- Simplicity at the cutting edge: Collibra were a team offering something that now seems obvious (although very technical). They saw and provided simplicity in something very complex — the data market, before anyone else. Investors stand to make the most out sized returns by deploying capital at the forefront of a new market or technology (think Amazon for eCommerce, AirBnB or Uber for decentralized marketplaces etc.) When done correctly the investor sees not only the returns of a great business but those of a leader in a paradigm shift. Look for a team who have the technical ability not only to realize the vision, but to keep things simple: building a genuine, usable product and executing effectively at every stage.
- Look for teams who realize negatives and turn them positives: Early hardship made Collibra better and ultimately bigger. The lack of success with the original lab honed product became an opportunity to pivot and build a product customers wanted. The realization that they weren’t sales hot shots didn’t perturb them; they hired someone who was, who grew the business faster than they ever could have. The lack of a startup scene in Belgium was something they again turned into a positive: they had to be international from the start in pursuit of customers, funding and hiring. This international mindset is indispensable for European DeepTech, “We moved international very quickly…Belgium is a smaller country, so, you understand, you need to go international really quickly” (van de Maele).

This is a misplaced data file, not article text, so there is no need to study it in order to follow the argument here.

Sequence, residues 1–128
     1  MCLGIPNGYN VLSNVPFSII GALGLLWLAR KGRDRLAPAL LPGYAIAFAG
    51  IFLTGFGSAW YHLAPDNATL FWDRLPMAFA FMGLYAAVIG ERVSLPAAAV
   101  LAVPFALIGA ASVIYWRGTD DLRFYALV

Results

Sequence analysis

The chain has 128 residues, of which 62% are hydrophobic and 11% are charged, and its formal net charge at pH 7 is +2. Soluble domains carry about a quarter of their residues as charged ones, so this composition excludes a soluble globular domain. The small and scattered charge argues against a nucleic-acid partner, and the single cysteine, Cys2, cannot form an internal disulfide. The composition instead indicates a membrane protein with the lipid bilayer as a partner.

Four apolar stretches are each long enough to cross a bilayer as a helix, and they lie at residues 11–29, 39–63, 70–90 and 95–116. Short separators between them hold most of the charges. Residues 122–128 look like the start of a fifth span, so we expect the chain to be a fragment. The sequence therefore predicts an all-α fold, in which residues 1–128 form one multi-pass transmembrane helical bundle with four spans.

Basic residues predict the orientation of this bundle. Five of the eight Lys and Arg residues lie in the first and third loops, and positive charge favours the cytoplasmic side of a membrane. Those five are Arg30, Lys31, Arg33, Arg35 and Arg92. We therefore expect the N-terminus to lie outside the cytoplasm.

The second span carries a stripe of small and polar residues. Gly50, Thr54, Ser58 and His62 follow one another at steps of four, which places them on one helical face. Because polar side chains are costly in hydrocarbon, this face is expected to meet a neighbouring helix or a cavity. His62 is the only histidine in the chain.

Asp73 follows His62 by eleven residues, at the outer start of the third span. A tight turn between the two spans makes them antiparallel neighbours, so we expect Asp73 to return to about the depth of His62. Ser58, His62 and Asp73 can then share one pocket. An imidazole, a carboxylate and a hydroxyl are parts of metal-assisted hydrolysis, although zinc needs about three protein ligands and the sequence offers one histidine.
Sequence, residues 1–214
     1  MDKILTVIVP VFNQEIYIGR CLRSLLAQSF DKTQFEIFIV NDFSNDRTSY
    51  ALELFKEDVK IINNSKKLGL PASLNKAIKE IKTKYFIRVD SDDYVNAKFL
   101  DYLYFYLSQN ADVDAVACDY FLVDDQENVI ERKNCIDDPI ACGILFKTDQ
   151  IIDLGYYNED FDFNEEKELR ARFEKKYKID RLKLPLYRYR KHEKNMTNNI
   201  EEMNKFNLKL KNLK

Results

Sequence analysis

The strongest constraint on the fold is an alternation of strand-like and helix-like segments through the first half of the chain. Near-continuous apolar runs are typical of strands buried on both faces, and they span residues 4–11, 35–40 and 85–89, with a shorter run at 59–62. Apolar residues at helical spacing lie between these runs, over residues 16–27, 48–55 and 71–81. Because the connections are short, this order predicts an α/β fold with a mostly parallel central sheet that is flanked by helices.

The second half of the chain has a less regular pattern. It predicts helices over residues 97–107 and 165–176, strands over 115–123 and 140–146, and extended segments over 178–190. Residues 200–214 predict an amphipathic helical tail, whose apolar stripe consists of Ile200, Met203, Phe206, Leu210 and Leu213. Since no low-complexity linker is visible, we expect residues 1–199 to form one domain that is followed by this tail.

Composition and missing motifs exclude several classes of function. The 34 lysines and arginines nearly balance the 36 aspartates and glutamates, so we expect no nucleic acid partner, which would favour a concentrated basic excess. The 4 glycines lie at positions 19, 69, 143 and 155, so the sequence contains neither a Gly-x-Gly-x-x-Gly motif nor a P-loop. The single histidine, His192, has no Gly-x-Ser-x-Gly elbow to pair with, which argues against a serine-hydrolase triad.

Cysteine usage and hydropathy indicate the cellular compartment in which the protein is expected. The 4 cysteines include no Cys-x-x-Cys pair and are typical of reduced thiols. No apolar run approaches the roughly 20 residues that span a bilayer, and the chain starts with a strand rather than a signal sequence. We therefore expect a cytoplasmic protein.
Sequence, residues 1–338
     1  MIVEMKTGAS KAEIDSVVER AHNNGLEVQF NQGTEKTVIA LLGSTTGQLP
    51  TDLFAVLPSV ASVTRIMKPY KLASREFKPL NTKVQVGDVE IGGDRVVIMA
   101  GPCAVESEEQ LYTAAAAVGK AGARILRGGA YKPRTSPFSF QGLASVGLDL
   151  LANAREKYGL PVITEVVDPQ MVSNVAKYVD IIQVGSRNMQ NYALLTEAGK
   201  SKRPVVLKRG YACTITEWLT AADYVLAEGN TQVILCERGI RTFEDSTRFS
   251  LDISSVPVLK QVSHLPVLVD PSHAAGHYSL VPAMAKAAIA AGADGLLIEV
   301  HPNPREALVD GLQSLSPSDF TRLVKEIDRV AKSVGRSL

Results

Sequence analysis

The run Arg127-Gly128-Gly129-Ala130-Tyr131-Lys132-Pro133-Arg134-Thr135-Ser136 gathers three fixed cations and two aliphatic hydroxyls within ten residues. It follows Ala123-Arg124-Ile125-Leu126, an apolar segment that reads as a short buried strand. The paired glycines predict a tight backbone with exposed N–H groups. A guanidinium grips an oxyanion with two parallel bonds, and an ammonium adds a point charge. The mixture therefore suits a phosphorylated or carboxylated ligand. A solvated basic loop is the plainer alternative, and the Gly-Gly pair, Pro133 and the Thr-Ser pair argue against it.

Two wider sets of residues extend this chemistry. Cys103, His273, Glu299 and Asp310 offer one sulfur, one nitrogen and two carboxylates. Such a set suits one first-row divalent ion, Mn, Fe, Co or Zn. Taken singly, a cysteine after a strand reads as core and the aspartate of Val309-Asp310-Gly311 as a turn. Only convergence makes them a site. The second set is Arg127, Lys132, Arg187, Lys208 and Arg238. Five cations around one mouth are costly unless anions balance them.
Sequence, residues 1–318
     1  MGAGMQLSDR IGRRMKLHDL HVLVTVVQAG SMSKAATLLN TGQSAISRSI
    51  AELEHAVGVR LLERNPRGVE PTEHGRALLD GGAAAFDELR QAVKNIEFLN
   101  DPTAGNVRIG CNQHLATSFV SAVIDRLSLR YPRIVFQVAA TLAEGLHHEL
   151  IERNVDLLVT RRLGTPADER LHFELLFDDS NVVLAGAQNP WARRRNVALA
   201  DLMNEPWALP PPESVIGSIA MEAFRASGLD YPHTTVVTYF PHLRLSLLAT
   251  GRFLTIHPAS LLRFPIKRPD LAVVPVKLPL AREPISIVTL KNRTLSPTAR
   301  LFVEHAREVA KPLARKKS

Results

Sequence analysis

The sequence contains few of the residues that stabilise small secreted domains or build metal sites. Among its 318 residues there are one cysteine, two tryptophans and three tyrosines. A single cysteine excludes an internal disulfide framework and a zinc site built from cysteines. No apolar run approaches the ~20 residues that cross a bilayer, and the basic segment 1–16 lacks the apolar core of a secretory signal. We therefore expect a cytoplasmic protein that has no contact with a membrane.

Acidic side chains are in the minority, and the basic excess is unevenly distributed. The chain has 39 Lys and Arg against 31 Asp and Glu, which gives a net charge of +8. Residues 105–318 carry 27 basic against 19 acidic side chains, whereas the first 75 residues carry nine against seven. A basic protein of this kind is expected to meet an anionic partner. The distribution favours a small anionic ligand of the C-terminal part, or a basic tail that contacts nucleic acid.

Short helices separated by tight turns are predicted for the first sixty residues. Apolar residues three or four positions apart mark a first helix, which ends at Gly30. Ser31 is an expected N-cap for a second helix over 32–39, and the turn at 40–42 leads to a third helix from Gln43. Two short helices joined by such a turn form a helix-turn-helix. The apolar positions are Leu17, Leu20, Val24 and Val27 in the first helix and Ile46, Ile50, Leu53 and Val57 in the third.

- Relationships: A good relationship with your founder team is hugely important to maximize your returns and reputation with both investors and founders. They will continue to champion the value you add years down the line as van de Maele has done with Battery Ventures and Iconiq; instancing their relationship as the key reason to opt for rounds of over $50m each within a year — something he was hesitant to do at first.
- Timing: Timing is crucial for the best DeepTech investments, “We were actually too early for the market” (van de Maele). Collibra ultimately survived and thrived but being too early is often indistinguishable from being wrong for an investor. The investor must carefully consider whether a market being slightly too early can be balanced by the robustness and ingenuity of the team; especially their ability to pivot and find early customers.
Lessons For Founders